Tag Archives: Ribble Valley

SKIPTON TO LONGRIDGE 1 – another straight line.

Skipton to Barnoldswick.Following on from the success of the straight line from Longridge to Arnside completed with Sir Hugh at the end of last year I have persuadedthe piemana resident of Skipton to undertake a similar scheme between our respective abodes.

The Pieman.

He is a lifelong friend, possibly blood related though I tend to ignore that, with whom I’ve shared many backpacking trips throughout Europe but recently we have not been able to meet up as much as required. So this was a good opportunity to get 2019 off on a better note. Thus I was drinking coffee in his house in Skipton early this morning before setting off on what could only be described as a drab day.

My local guide takes us across Aireville Park, where I used to play as a child, over the Leeds Liverpool Canal and out of town through an industrial estate with some interesting relics awaiting restoration.

Airedale Park.

We crept under a main road and crossed the placid River Aire on an old track into Carleton. This essential bridge for our route was just within the mile either side of our arbitrary straight line  The C19 mill in the village was originally for cotton-spinning but I remember buying carpets there in the 70s, apparently it is now luxury apartments.


Today we didn’t visit the village but took to unmarked footpaths through green drumlin fields. I have to concede that satellite tracking maps were a great help in navigating this section. We were going parallel to a disused railway [Skipton to Colne] and eventually we found ourselves walking along it for convenience until stopped by vegetation.Possibly we touched on a Roman Road leading to Elslack where there was a fort. Our priority was to find a picnic bench and there right in the middle of the hamlet was one in some sort of memorial garden. Having put his instant coffee powder into a cup he looked for the flask containing the hot water, unfortunately it was on the worktop back in Skipton. I had hot apple tea in my flask so he ended up with a strange brew.

We walked past the C15 Elsack Hall but at a discreet distance and then along the abandoned railway into Thornton-in-Craven joining the Pennine Way for a short stretch. The village has interesting old houses but no shop or pub and the heavy traffic deterred us from lingering.

Tree planted for the Coronation of Queen Elizabeth.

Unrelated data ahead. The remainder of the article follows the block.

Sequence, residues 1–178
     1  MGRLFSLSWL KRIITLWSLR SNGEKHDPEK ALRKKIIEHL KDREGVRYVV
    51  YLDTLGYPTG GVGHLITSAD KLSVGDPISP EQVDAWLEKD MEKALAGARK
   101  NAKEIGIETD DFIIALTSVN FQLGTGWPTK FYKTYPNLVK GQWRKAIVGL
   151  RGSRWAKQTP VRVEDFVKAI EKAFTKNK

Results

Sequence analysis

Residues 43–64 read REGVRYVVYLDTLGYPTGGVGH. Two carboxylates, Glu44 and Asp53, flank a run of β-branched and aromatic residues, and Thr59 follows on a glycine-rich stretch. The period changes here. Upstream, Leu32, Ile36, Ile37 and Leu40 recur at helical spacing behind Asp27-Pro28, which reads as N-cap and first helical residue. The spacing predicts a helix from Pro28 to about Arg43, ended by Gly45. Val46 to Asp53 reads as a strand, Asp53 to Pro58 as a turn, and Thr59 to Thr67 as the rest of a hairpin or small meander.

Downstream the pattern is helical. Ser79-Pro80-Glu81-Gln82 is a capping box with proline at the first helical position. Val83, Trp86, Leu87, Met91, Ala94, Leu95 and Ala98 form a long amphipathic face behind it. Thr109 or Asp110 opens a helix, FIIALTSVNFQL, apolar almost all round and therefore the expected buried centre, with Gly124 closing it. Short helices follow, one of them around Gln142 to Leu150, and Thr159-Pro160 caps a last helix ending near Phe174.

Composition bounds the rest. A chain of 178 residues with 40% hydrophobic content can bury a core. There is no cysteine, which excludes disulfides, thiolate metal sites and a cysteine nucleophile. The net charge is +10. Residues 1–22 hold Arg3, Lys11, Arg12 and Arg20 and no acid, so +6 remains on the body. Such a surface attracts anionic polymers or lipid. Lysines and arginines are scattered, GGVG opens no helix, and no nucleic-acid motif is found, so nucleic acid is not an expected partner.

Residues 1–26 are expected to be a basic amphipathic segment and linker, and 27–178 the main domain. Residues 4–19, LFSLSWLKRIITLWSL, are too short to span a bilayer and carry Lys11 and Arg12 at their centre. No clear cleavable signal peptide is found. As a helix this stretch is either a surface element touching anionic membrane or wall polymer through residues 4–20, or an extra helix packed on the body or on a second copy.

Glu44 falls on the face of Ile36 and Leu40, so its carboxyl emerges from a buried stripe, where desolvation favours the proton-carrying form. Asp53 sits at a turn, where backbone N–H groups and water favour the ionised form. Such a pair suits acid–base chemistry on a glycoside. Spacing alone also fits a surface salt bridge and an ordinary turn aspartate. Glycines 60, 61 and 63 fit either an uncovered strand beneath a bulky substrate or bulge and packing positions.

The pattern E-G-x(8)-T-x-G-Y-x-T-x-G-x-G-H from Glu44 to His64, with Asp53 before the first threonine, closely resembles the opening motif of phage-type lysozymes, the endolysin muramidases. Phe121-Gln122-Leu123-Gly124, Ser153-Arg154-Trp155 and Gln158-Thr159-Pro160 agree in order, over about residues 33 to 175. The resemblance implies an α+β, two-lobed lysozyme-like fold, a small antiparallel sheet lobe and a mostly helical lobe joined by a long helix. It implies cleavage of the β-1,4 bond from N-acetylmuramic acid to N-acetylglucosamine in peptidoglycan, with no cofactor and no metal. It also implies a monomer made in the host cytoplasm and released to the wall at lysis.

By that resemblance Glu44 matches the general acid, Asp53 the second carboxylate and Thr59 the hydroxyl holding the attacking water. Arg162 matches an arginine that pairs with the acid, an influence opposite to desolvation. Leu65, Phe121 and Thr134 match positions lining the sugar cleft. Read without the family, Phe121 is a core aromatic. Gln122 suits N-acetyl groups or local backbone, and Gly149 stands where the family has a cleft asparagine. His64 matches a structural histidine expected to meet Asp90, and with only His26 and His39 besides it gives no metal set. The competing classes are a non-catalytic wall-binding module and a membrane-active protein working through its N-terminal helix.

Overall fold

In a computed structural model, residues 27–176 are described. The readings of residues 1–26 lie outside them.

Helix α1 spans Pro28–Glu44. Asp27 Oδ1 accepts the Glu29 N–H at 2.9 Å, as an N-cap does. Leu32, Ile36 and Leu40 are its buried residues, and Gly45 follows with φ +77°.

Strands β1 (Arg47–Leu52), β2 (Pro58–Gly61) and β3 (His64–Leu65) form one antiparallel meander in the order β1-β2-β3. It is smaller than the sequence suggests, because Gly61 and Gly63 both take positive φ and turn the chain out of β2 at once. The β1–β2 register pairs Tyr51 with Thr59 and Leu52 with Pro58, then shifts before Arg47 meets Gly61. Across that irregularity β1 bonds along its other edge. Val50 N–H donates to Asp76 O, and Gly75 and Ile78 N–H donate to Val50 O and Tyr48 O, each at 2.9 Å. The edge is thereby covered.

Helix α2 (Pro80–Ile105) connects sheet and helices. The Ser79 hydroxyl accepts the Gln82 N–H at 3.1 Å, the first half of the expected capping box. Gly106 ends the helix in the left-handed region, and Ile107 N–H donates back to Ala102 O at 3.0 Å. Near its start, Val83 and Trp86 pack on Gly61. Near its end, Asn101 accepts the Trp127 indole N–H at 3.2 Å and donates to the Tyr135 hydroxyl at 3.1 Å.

?Millenium Clock.

On the edge of the village are Almshouses built for poor women, there is not much of that charity evident today.

By the church a sign guided us to a Holy Well in the grounds, dating from Saxon times it is covered by an octagonal structure erected in 1764 by the rector.

On a short stretch of golf course we joined The Pendle Way. It weaved around a church and graveyard where every grave was decorated with flowers, presumably from Christmas.

Rolls Royce have a large presence in Barnoldswick and we passed one of their factories before joining the Leeds – Liverpool Canal for the final stretch into town. My overall impression today was of green fields and a rich historical background.



As the crow flies it is 4 miles from Longridge to Samlesbury, where BAE Systems [previously British Aerospace] is based, however the River Ribble is only bridged at Ribchester or Preston both giving a far longer journey. A friend of mine would in summer take a short cut down Alston Lane and ford the river with his bike straight to work. Today I tried to identify the place he crossed but of course there was a lot of water running, I think the above photo is roughly the spot and I shall investigate further next summer.

Anyhow back to the beginning. Lethargy and other pressing problems these last few days have kept me in; it is easy to slip into this mood when the clocks change and Winter approaches, that is the reason I normally go off to sunnier climes. I planned this route last night and set the alarm so I was committed to venture forth. There was a window in the weather so timing was crucial which still gave me a leisurely breakfast. I was parked up at 10am,  My clockwise circuit ment walking on the main road for a few hundred metres alongside the ghastly development of new houses, all dumper trucks and lorries. Why have they seen fit to obliterate over a 100m of hedging to gain access to the fields? This did not put me in a good mood.